Dr Yong Poovorawan, the chief of the Centre of Excellence in Clinical Virology at the Faculty of Medicine of Chulalongkorn University and Thailand’s top virologist authority, advised the people of Thailand to expect a dramatic increase in Covid-19 in Thailand, especially of the highly transmissible Omicron variant. His view is similar to that of Minister of Public Health Anutin Charnvirakul, who said New Year’s carelessness is bringing an expected rise in Covid-19 infections.
Yong posted to his Facebook page today that the variant spreads very easily especially during the New Year’s holiday where many people are travelling and out in public and are also celebrating and partying. He warned though that, after all the celebrations, people need to get serious and act conservatively, calling on the public to work together to reduce transmission and caseload.
While the Omicron variant is less potent than previous strains and so the percentage of hospitalizations and deaths are lower, the contagiousness of it could lead to such a high number of infections that even the lower severe case percentage has the possibility of overwhelming the capacity of hospitals and the public health system.
With mounting data showing that being fully inoculated may not be enough to stop Omicron variant infections, a third dose of many vaccines, including AstraZeneca, Modena, and Pfizer have been proven to strongly increase variant fighting antibodies and reduce the severity of infections. (2 doses of Sinovac with a Pfizer booster – a common vaccine cocktail in Thailand – has been shown to be ineffective against Omicron though.)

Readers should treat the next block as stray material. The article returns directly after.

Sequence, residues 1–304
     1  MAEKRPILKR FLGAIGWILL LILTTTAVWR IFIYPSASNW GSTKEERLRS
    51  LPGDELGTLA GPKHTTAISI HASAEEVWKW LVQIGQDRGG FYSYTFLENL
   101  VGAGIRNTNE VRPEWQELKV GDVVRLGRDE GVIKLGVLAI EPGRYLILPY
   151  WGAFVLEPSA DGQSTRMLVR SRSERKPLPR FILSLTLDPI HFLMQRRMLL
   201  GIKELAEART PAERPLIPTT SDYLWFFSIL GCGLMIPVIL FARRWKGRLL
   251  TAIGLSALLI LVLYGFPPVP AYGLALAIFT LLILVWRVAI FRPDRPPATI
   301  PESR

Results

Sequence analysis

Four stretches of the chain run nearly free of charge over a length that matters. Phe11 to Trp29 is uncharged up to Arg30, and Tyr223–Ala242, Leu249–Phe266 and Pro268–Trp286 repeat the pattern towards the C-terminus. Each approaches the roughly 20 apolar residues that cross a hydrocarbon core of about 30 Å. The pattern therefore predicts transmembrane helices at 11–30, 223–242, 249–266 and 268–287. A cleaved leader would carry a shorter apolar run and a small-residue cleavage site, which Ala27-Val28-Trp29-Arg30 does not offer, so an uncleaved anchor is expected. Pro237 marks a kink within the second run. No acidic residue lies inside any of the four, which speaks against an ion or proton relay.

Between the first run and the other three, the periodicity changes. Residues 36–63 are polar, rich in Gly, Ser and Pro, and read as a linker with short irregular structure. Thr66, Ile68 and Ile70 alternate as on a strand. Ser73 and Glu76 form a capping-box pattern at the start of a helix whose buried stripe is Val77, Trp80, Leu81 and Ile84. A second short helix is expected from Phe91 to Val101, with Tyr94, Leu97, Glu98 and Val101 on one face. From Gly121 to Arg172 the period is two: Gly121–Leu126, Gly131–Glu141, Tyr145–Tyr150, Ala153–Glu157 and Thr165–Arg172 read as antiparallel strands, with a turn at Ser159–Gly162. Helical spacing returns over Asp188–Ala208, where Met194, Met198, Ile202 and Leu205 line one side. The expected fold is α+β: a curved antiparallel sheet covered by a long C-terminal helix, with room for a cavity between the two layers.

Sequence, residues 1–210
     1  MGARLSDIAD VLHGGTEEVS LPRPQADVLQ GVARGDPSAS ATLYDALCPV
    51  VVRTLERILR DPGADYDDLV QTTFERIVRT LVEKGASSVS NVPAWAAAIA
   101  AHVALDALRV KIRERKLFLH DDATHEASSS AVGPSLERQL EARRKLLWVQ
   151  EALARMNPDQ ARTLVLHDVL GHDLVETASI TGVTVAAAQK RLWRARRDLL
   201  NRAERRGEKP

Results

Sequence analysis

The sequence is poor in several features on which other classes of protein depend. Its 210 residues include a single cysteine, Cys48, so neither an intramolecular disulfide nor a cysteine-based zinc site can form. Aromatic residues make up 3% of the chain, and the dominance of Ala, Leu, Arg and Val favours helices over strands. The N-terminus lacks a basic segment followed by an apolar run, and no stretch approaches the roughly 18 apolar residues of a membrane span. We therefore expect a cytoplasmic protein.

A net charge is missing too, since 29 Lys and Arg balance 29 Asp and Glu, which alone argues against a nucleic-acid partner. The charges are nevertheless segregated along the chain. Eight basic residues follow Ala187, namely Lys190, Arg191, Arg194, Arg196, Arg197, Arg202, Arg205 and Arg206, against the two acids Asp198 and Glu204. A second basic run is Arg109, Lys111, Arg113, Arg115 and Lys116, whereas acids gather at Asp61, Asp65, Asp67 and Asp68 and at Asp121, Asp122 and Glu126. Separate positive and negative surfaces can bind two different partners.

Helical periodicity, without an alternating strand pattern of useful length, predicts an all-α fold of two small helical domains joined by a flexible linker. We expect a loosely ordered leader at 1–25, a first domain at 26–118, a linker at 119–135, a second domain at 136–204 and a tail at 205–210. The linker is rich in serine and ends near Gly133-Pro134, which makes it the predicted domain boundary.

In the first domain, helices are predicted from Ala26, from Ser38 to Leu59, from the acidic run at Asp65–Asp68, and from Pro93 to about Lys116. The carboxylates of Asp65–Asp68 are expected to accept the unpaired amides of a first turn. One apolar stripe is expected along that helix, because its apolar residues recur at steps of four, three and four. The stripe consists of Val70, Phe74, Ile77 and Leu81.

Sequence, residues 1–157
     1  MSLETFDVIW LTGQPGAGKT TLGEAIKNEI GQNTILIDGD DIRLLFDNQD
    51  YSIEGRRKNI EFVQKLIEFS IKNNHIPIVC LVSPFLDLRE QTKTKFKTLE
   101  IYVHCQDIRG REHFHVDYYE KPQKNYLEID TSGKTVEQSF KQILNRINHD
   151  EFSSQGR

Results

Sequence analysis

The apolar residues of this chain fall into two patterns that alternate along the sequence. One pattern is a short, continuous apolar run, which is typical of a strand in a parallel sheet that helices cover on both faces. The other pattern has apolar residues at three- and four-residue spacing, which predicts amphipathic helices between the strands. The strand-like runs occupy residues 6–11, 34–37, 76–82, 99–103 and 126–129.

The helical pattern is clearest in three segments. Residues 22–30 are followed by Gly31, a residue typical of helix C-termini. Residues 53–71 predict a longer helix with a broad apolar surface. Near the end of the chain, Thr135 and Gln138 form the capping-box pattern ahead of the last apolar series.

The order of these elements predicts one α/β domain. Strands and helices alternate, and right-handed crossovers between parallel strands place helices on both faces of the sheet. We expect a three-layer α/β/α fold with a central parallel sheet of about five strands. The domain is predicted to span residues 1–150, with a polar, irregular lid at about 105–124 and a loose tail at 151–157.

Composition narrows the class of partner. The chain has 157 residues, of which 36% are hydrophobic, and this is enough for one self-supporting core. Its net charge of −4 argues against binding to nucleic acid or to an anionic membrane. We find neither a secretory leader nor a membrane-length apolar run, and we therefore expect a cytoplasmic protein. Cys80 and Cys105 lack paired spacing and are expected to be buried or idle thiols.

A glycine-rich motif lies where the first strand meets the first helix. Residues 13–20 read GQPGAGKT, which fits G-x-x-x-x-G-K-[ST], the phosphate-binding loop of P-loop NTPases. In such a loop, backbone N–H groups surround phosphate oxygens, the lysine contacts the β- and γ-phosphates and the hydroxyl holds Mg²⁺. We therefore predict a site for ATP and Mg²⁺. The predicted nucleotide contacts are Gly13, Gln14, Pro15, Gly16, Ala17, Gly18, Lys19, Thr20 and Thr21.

Yong called for Thailand to step up their third booster shot programme, especially for elderly people and those whose health is vulnerable to infection. He urged everyone to get their boosters if possible.
While the symptoms are less severe with the Omicron variant, hospital capacity still must be closely monitored. The doctor is suggesting that anyone asymptomatic or with only mild symptoms should isolate immediately at home, or if they are unable to, they should enter into a community isolation space.
When talking about death due to Covid-19, Yong had some positive data. He pointed to a study done by Johns Hopkins University that showed that each progressive wave of the pandemic brings with it a lower death rate. Thailand also has suffered a relatively low death rate from the Delta variant, with the 1% of deaths seen in the country lower than the average worldwide rate.
It is hoped that the less severe Omicron variant drops that death rate significantly further, making the risk involved with being infected by Covid-19 lower and lower. If the death rate falls 90% from 1% to 0.1% then Covid-19 — or at least the Omicron variant — would be considered a seasonal respiratory illness, harkening an end of the 2-year-long pandemic.
SOURCE: Nation Thailand